The Bayesian information criterion (BIC), the Akaike information criterion (AIC), and some other indicators derived from them are widely used for model selection. In their original form, they contain the likelihood of the data given the models. Unfortunately, in many applications, it is practically impossible to calculate the likelihood, and, therefore, the criteria have been reformulated in terms of descriptive statistics of the residual distribution: the variance and the mean-squared error of the residuals. These alternative versions are strictly valid only in the presence of additive noise of Gaussian distribution, not a completely satisfactory assumption in many applications in science and engineering. Moreover, the variance and the mean-squared error are quite crude statistics of the residual distributions. More sophisticated statistical indicators, capable of better quantifying how close the residual distribution is to the noise, can be profitably used. In particular, specific goodness of fit tests have been included in the expressions of the traditional criteria and have proved to be very effective in improving their discriminating capability. These improved performances have been demonstrated with a systematic series of simulations using synthetic data for various classes of functions and different noise statistics. Full article
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Open AccessArticle
Association Factor for Identifying Linear and Nonlinear Correlations in Noisy Conditions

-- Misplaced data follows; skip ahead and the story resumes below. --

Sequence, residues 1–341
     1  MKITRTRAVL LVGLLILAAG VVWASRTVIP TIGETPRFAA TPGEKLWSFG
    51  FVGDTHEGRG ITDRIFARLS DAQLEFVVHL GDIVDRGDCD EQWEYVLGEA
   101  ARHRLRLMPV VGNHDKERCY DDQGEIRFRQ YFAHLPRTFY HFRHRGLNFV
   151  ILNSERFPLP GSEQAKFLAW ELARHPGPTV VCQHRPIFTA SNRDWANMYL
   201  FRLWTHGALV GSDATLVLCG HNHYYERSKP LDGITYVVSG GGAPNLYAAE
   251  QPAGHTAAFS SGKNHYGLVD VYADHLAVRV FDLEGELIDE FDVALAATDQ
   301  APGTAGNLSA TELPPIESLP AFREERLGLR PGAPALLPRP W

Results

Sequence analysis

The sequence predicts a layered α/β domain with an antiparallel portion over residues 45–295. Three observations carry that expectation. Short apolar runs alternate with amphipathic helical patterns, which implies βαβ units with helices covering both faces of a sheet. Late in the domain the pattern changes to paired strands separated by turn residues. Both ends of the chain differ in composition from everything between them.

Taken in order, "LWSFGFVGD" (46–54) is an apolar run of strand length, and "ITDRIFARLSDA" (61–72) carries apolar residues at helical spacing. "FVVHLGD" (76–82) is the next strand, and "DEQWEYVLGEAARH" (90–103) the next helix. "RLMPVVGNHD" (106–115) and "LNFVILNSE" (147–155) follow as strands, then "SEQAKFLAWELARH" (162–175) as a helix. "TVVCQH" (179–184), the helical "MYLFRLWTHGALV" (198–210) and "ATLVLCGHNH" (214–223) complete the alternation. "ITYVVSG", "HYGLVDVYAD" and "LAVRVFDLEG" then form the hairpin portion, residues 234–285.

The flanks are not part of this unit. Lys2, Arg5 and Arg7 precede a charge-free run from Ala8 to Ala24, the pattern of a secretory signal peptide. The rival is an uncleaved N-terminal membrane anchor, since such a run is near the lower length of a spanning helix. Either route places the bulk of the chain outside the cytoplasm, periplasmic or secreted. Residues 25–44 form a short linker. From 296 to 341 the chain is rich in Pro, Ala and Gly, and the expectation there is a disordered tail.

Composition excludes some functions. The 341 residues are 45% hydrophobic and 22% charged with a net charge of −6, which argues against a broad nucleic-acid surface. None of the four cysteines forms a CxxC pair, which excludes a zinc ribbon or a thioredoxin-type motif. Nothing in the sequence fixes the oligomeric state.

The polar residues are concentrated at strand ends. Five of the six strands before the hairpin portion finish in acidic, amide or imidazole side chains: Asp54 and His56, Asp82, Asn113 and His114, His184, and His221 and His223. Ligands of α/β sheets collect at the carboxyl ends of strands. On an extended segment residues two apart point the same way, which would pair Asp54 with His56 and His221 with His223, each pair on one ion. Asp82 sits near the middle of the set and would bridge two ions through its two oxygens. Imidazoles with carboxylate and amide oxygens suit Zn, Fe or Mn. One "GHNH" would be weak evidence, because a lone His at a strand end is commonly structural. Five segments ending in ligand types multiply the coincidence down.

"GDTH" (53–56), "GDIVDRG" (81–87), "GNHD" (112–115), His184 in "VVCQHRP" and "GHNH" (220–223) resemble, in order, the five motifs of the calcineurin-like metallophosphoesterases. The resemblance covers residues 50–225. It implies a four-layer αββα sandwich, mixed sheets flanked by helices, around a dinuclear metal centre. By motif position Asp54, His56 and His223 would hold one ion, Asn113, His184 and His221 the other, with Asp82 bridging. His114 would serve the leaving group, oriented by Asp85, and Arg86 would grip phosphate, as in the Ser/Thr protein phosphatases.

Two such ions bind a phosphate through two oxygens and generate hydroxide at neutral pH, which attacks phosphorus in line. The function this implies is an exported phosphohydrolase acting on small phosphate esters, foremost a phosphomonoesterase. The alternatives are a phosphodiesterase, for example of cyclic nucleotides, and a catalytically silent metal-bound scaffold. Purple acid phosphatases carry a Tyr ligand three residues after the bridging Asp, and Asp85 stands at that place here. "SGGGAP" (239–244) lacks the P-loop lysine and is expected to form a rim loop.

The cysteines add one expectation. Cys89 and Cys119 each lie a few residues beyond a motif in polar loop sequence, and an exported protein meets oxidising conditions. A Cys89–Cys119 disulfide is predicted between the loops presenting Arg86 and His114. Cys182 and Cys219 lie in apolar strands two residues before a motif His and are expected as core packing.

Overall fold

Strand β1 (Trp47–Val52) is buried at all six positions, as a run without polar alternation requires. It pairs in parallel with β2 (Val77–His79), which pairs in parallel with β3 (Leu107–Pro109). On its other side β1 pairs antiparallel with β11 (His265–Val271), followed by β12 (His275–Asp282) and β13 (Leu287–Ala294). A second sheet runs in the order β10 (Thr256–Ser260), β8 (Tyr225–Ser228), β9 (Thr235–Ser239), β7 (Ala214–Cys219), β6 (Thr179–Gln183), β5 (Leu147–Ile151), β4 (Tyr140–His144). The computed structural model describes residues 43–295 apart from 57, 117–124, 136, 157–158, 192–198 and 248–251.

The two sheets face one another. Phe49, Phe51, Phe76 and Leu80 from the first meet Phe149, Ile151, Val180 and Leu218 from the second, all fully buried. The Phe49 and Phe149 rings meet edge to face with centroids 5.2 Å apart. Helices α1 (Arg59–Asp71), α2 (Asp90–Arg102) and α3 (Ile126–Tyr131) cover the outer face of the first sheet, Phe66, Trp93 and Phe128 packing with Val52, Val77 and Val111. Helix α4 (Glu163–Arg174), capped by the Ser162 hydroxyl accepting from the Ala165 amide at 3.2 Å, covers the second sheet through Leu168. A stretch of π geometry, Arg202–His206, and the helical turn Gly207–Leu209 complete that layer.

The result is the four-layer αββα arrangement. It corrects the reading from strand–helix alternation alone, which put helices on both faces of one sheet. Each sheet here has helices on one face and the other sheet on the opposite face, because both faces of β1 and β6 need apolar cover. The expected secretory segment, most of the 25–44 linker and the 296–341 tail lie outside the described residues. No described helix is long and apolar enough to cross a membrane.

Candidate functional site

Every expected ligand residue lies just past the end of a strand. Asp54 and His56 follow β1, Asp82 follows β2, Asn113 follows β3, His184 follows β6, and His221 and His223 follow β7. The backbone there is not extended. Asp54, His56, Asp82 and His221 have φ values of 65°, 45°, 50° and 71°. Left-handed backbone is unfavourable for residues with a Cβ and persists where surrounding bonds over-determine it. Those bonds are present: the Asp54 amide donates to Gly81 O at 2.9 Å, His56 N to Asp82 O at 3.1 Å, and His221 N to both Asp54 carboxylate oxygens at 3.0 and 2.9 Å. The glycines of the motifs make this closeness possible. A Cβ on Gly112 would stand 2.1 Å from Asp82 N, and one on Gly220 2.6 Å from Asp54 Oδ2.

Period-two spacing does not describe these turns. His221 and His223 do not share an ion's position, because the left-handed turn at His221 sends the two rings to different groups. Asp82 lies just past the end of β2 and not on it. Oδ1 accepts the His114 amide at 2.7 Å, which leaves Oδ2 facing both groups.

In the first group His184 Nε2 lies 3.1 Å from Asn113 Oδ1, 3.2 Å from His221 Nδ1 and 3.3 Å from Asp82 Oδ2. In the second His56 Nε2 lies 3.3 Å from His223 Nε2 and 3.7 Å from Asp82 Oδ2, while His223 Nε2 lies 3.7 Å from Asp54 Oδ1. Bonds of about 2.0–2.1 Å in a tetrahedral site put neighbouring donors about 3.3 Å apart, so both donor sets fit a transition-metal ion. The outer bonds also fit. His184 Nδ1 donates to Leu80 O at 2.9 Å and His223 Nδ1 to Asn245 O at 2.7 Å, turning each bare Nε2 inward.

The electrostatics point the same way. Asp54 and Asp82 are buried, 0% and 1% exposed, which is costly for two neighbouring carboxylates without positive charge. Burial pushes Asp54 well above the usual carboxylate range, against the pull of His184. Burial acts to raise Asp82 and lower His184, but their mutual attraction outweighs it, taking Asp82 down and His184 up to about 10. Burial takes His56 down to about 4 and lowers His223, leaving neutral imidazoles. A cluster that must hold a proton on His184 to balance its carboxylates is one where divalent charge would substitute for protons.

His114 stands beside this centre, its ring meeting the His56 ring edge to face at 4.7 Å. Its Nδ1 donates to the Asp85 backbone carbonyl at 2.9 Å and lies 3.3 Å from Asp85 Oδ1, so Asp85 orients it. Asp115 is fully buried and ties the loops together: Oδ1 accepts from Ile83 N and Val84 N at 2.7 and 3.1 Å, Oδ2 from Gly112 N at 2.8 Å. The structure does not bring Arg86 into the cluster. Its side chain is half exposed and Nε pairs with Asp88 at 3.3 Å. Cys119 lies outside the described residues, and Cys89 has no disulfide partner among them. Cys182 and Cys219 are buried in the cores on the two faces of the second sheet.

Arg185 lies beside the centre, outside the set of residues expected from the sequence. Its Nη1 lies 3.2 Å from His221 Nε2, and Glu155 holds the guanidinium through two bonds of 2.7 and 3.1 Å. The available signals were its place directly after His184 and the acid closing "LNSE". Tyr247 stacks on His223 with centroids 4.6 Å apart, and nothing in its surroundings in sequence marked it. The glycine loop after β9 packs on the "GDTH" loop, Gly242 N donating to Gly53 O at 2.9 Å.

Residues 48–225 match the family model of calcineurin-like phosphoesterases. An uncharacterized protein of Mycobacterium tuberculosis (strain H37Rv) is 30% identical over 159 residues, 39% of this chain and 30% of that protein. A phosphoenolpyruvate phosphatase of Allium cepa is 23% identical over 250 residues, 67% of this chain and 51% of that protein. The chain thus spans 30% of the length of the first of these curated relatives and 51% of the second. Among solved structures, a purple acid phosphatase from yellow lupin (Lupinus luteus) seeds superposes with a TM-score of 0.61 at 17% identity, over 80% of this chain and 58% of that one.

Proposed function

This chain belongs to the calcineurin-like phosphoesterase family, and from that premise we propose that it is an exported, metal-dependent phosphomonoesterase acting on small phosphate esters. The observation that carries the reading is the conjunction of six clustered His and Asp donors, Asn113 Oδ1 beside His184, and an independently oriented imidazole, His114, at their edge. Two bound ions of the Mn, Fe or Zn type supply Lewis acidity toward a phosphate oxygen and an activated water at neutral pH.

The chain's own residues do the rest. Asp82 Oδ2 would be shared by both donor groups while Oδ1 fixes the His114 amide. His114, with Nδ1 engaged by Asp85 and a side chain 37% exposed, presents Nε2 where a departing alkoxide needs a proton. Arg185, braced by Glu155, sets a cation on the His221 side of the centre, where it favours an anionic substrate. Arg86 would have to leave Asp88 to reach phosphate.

Entropy 2020, 22(4), 440; https://doi.org/10.3390/e22040440 - 13 Apr 2020
Abstract
Background: In data analysis and machine learning, we often need to identify and quantify the correlation between variables. Although Pearson’s correlation coefficient has been widely used, its value is reliable only for linear relationships and Distance correlation was introduced to address this shortcoming. [...] Read more.
Background: In data analysis and machine learning, we often need to identify and quantify the correlation between variables. Although Pearson’s correlation coefficient has been widely used, its value is reliable only for linear relationships and Distance correlation was introduced to address this shortcoming. Methods: Distance correlation can identify linear and nonlinear correlations. However, its performance drops in noisy conditions. In this paper, we introduce the Association Factor (AF) as a robust method for identification and quantification of linear and nonlinear associations in noisy conditions. Results: To test the performance of the proposed Association Factor, we modeled several simulations of linear and nonlinear relationships in different noise conditions and computed Pearson’s correlation, Distance correlation, and the proposed Association Factor. Conclusion: Our results show that the proposed method is robust in two ways. First, it can identify both linear and nonlinear associations. Second, the proposed Association Factor is reliable in both noiseless and noisy conditions. Full article